In January 1997, Delta 241 lifted off from Cape Canaveral carrying GPS IIR-1, the first in a new series of GPS satellites. Thirteen seconds later it exploded, showering 220 tonnes of flaming debris over the launch complex. An investigation discovered that the rocket’s onboard computer had issued a self-destruct command after detecting the structural failure of one of the solid rocket motors.
The first stage of the Delta II 7920-10C configuration which was used to launch NPP was an Extra-Extended Long Tank Thor with an RS-27A main engine and two LR-107 verniers, which ignited about two second ahead of the scheduled time of liftoff, T-0. A fraction of a second before T-0, six of the nine GEM-40 solid rocket motors igniteg, and at T-0 Delta 357 began its ascent towards orbit, flying on an azimuth of 196 degrees.
About sixty four seconds after launch, the six ground-lit solid rocket motors burnt out, and a second or two later the three air-lit motors ignited. The spent ground-lit motors remained attached to the first stage for about 22 seconds after burnout, in order to clear offshore oil rigs before they are jettisoned.
Separation of the solid rocket motors was around 86 seconds after liftoff, with the motors falling away in two groups of three. The air lit motors also burned for about 64 seconds, subsequently separating two minutes and 10.5 seconds after liftoff.
The first stage completed its burn 263.4 seconds after liftoff, with the main engine shutting down followed shortly afterwards by the two verniers. About eight seconds after main engine cutoff, or MECO, the first stage separated, and thirteen and a half seconds after MECO the second stage ignited to begin the first of four burns. The second stage was a Delta-K, powered by an AJ-10-118K engine.
The first burn lasted five minutes, 46.8 seconds, and just over four seconds into the burn, the payload fairing separated from around the satellites.
Following the end of the first burn, Delta 357 coasted for 41 minutes and 41.3 seconds before the second burn commenced. This burn lasted just 21.7 seconds, circularising the orbit for the deployment of NPP.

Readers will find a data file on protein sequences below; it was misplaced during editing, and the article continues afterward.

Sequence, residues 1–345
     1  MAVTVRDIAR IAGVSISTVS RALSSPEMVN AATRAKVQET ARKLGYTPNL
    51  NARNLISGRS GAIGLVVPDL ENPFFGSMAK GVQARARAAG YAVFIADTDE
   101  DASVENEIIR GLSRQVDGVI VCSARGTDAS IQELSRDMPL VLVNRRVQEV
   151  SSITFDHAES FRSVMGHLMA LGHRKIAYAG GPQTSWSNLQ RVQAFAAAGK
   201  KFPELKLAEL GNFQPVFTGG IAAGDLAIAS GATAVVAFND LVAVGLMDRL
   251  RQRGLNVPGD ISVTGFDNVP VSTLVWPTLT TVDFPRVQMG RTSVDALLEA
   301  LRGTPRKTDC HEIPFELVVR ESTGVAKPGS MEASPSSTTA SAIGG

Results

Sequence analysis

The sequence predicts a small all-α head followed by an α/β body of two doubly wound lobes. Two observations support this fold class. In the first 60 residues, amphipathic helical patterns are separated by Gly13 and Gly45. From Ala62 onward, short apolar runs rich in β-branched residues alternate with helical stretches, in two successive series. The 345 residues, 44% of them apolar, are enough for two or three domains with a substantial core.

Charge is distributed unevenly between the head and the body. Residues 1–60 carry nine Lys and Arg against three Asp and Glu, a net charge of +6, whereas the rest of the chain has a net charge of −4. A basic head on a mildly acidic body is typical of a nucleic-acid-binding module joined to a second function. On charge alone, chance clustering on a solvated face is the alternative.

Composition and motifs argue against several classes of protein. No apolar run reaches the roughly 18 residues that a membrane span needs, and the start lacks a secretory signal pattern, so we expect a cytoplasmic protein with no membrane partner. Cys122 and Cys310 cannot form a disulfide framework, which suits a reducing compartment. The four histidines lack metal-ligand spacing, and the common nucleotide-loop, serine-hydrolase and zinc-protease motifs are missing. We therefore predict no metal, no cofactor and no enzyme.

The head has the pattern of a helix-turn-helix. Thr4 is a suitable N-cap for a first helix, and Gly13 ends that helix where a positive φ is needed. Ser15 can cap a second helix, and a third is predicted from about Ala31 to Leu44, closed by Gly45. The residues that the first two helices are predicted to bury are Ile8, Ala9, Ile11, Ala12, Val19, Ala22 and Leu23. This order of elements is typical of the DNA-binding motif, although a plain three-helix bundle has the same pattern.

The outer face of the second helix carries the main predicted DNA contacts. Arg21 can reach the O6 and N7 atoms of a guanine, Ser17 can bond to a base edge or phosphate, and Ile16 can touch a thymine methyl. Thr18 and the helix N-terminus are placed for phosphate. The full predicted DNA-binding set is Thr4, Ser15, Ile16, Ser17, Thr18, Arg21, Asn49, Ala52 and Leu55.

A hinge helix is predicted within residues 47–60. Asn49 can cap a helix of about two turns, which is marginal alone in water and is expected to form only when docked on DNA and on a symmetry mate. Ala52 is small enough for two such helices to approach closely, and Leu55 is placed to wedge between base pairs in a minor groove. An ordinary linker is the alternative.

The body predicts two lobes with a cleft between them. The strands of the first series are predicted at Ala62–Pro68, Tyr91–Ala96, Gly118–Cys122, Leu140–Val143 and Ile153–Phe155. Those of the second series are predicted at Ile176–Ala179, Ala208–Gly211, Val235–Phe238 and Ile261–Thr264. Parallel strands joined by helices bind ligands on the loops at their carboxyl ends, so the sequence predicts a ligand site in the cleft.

Spacecraft separation was seen 378 seconds after the burn ended; fifty eight minutes and forty five seconds after liftoff. The target orbit is a semi-major axis of 7201.15 kilometres, eccentricity of 0.00125, inclination of 97.703 degrees, and an argument of perigee of 69.21 degrees.
A separation burn was then made 33 minutes and 45 seconds later, putting distance between the upper stage and NPP ahead of CubeSat deployment. The separation burn lasted 39.2 seconds. Five minutes and 8.8 seconds after this burn completes, the first PPOD opened, releasing E1P-U2, AubieSat-1 and M-Cubed. The second PPOD was opened 98 seconds later, releasing the two DICE satellites, followed by the final PPOD 102 seconds after that, releasing RAX-2.
With all of its payloads deployed, Delta 357 made one more burn to deplete its remaining propellant. This lasted 31.9 seconds, and began around 13 minutes and 21 seconds after RAX-2 separates.
Originally used by the 75th Strategic Missile Squadron of the United States Air Force, and the Royal Air Force, for test-launching Thor missiles and training their crews, the first launch from the pad occurred on 17 September 1959.
The first orbital launch from the pad was made by a Thor-Agena in 1962, carrying a KH-4 satellite. The complex supported its first Delta launch in 1969 and its first Delta II launch in 1995.
The launch of NPP was conducted by United Launch Alliance, who operated the Delta II, Delta IV and Atlas V rockets, and provide launch services for the US government.
The next launch to be conducted by ULA will be that of the Mars Science Laboratory, which is currently scheduled for late November aboard an Atlas. The next Delta launch will be of a Delta IV in January, carrying a Wideband Global Satcom communications satellite.